In the 1960s, the world was awash in the promise of a miraculous remedy: a chemical concoction made from ginger, cinnamon and other spices.
Today, ginger, ginger ale and other herbal remedies are used for everything from colds and flu to skin conditions.
But what about the long-held belief that the medicine is actually something more dangerous?
Is there really something more deadly than a simple cocktail of ginger, spices and sugar?
“It is the most widely used spice in Africa and it is a significant component of the traditional African medicinal brew,” says Dr. Robert Pape, a research fellow at the University of Cambridge in the UK.
Pape says the spice is used as a treatment for a range of illnesses, including the common cold, but it also has been used in traditional medicine for more than 3,000 years.
In a sense, it’s the ancient medicine of choice in Africa today, says Dr Jonathan Brown, who runs the University College London Centre for African Medicines.
The roots of ginger and its traditional use dates back as far as the 4th century BC in Ethiopia, where it was known as a stimulant and as a cure for many diseases, including diarrhea and malaria.
In Egypt, it was used to treat tuberculosis and malaria, and later for coughs, fevers, arthritis, and more.
The spice was also used as an aphrodisiac, says Brown, but in recent decades, more people have begun to use it as a treat for mental health and mental disorders.
“Many people who have tried ginger in traditional herbal medicine are using it as an appetite suppressant, which may be why the use of ginger in these areas is increasing,” says Brown.
But in some ways, there’s little evidence that ginger is a better medicine than other common remedies, he says.
A study published in the Lancet Psychiatry this year suggests that ginger has the potential to be just as harmful as the common medicines it replaces.
In the study, researchers found that the anti-inflammatory effects of ginger did not appear to be stronger than placebo.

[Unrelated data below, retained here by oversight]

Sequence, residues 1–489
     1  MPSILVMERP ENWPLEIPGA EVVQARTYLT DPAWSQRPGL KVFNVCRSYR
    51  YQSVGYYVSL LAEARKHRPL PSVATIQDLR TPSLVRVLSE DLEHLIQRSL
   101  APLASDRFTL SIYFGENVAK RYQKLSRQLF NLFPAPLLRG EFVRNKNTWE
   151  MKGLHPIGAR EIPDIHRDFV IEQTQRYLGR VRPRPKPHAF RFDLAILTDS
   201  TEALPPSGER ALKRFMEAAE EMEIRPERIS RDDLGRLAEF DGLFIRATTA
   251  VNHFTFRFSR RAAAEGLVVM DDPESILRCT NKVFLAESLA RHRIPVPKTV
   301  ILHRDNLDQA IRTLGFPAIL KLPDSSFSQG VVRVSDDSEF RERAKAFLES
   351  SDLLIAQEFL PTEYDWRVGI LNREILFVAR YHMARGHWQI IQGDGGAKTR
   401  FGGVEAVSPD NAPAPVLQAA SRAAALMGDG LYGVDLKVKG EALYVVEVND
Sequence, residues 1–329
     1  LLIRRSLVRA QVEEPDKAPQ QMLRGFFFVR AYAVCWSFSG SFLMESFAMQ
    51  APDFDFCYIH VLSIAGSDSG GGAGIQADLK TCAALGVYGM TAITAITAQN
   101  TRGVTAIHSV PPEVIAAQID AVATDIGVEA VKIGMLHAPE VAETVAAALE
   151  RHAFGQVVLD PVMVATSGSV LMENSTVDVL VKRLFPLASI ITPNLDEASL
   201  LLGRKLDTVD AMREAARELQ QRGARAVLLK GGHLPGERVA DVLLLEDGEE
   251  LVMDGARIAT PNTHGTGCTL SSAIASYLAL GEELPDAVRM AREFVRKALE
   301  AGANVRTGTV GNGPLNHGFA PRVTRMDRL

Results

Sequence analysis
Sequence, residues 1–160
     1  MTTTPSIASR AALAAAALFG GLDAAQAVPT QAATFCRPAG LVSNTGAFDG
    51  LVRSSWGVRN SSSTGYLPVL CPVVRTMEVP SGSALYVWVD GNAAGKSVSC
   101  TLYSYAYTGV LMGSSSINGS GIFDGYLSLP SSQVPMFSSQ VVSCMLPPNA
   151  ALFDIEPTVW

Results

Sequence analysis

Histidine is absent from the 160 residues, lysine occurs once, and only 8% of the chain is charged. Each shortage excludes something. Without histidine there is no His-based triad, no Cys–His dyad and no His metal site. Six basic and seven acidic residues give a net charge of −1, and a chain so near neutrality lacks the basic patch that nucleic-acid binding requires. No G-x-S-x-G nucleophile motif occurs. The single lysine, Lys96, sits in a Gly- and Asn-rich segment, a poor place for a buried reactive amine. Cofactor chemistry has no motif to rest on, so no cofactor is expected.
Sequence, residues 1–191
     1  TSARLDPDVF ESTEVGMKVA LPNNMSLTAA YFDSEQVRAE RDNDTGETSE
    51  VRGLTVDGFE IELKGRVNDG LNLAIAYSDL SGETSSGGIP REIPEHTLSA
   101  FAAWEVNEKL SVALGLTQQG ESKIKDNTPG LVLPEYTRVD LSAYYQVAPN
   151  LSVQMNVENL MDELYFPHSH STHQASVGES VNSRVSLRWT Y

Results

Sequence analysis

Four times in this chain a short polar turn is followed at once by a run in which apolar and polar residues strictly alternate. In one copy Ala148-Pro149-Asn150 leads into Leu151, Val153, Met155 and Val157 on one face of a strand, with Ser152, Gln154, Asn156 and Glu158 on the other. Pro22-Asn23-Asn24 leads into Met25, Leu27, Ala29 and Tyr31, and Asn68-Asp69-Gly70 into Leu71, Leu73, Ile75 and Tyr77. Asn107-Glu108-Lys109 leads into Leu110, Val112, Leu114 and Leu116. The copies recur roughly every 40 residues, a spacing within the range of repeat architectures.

In the study of patients with asthma, for example, the researchers found the anti–inflammatory effects were slightly more potent than the placebo effect, suggesting that the use more potent anti-inflammatories may help with the condition, but that ginger had no impact.
The authors suggest ginger may not have as beneficial a role in the treatment of asthma as is commonly believed.
This may explain why the study authors found a greater effect in patients who were taking the drug than in patients taking the placebo, Brown says.
In other words, while the study found that ginger’s anti-nausea and anti-fever effects were stronger than those of the other remedies, the study also found that it did not increase the effectiveness of the asthma medication, which was effective.
Dr. Papes says there are two possibilities for why ginger might be more harmful than its common name suggests.
The first is that some people are allergic to it, which could explain why it is not used as widely in traditional African medicine.
The second is that ginger may be associated with allergic reactions, or reactions that are very mild, he explains.
It’s still too early to tell whether this new study is conclusive, Brown adds.
More research is needed to see whether the study results are generalizable to other populations, or whether ginger actually causes more harm than it helps, he notes.
So what do you do if you’re sick with a cold or other cold symptoms?